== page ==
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Neural filters with multilayer backpropagation network have been proved to be able to define mostly all linear or non-linear filters. Because of the slowness of the networks' convergency, however, the applicable fields have been limited. In this paper, fuzzy logic is introduced to adjust learning rate and momentum parameter depending upon output errors and training times. This makes the convergency of the network greatly improved. Test curves are shown to prove the fast filters' performance.
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Because of the learning capacity, parallel structure, and tolerant performance of neural networks, we have used hybrid neural networks to recognize the body of a TSS-1 satellite made in Italy. A set of features based on both boundary points and a centroid of the body has been extracted from an image with the satellite body. The features have been proved to be rather stable to the changes of translation, rotation, magnification, and distortion. Therefore, object recognition with higher accuracy has been performed in this paper.
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Computerized ultrasound tissue characterization has become an objective means for diagnosis of diseases. It is difficult to differentiate diffuse liver diseases, namely cirrhotic and fatty liver from a normal one, by visual inspection from the ultrasound images. The visual criteria for differentiating diffused diseases is rather confusing and highly dependent upon the sonographer's experience. The need for computerized tissue characterization is thus justified to quantitatively assist the sonographer for accurate differentiation and to minimize the degree of risk from erroneous interpretation. In this paper we used the fuzzy similarity measure as an approximate reasoning technique to find the maximum degree of matching between an unknown case defined by a feature vector and a family of prototypes (knowledge base). The feature vector used for the matching process contains 8 quantitative parameters (textural, acoustical, and speckle parameters) extracted from the ultrasound image. The steps done to match an unknown case with the family of prototypes (cirr, fatty, normal) are: Choosing the membership functions for each parameter, then obtaining the fuzzification matrix for the unknown case and the family of prototypes, then by the linguistic evaluation of two fuzzy quantities we obtain the similarity matrix, then by a simple aggregation method and the fuzzy integrals we obtain the degree of similarity. Finally, we find that the similarity measure results are comparable to the neural network classification techniques and it can be used in medical diagnosis to determine the pathology of the liver and to monitor the extent of the disease.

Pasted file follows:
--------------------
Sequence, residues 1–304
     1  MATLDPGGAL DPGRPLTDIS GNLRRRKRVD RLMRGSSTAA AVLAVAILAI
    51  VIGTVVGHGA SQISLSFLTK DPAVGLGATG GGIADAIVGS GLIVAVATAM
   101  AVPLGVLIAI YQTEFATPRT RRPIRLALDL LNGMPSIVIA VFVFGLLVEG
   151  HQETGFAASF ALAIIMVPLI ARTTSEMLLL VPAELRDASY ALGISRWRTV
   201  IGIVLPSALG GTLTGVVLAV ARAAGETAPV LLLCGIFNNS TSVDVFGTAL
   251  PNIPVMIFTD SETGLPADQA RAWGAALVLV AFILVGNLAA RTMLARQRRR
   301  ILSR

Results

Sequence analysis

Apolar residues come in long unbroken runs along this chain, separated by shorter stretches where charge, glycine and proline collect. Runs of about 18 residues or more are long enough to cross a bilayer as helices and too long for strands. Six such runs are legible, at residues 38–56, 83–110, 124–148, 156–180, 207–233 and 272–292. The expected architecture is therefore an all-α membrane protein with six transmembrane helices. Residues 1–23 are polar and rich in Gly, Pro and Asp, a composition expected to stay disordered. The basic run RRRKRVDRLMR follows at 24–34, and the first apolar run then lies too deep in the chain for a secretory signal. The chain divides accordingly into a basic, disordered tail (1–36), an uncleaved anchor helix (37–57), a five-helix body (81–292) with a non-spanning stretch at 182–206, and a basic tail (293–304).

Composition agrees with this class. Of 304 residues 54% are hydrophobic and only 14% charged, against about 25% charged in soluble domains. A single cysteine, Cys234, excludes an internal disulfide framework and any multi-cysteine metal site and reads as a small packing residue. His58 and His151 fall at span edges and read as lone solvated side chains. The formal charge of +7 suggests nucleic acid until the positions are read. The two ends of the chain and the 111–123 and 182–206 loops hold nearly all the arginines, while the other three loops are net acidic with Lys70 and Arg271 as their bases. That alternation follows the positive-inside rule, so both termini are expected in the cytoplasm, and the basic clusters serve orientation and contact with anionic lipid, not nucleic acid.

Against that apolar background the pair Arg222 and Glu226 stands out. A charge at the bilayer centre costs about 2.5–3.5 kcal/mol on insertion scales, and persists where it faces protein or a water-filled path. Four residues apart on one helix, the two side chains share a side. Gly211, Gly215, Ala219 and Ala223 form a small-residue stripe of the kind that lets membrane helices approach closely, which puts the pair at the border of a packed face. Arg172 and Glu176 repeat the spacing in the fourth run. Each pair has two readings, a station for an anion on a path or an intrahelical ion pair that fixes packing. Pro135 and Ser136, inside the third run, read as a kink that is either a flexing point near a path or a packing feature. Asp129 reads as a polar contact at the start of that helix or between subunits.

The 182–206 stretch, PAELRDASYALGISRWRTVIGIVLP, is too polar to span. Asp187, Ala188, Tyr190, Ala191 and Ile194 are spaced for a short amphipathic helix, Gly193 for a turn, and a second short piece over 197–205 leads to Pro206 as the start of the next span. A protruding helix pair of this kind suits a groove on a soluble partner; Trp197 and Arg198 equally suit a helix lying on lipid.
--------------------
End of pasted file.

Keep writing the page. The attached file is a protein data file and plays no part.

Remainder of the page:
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Based on curvature representation, a fuzzy Kohonen self-organizing feature mapping is combined with the fuzzy delta rule to recognize partially occluded objects. Because of learning and tolerant performance as well as fuzzy membership function, the fuzzy hybrid neural networks can recognize the objects with higher precision.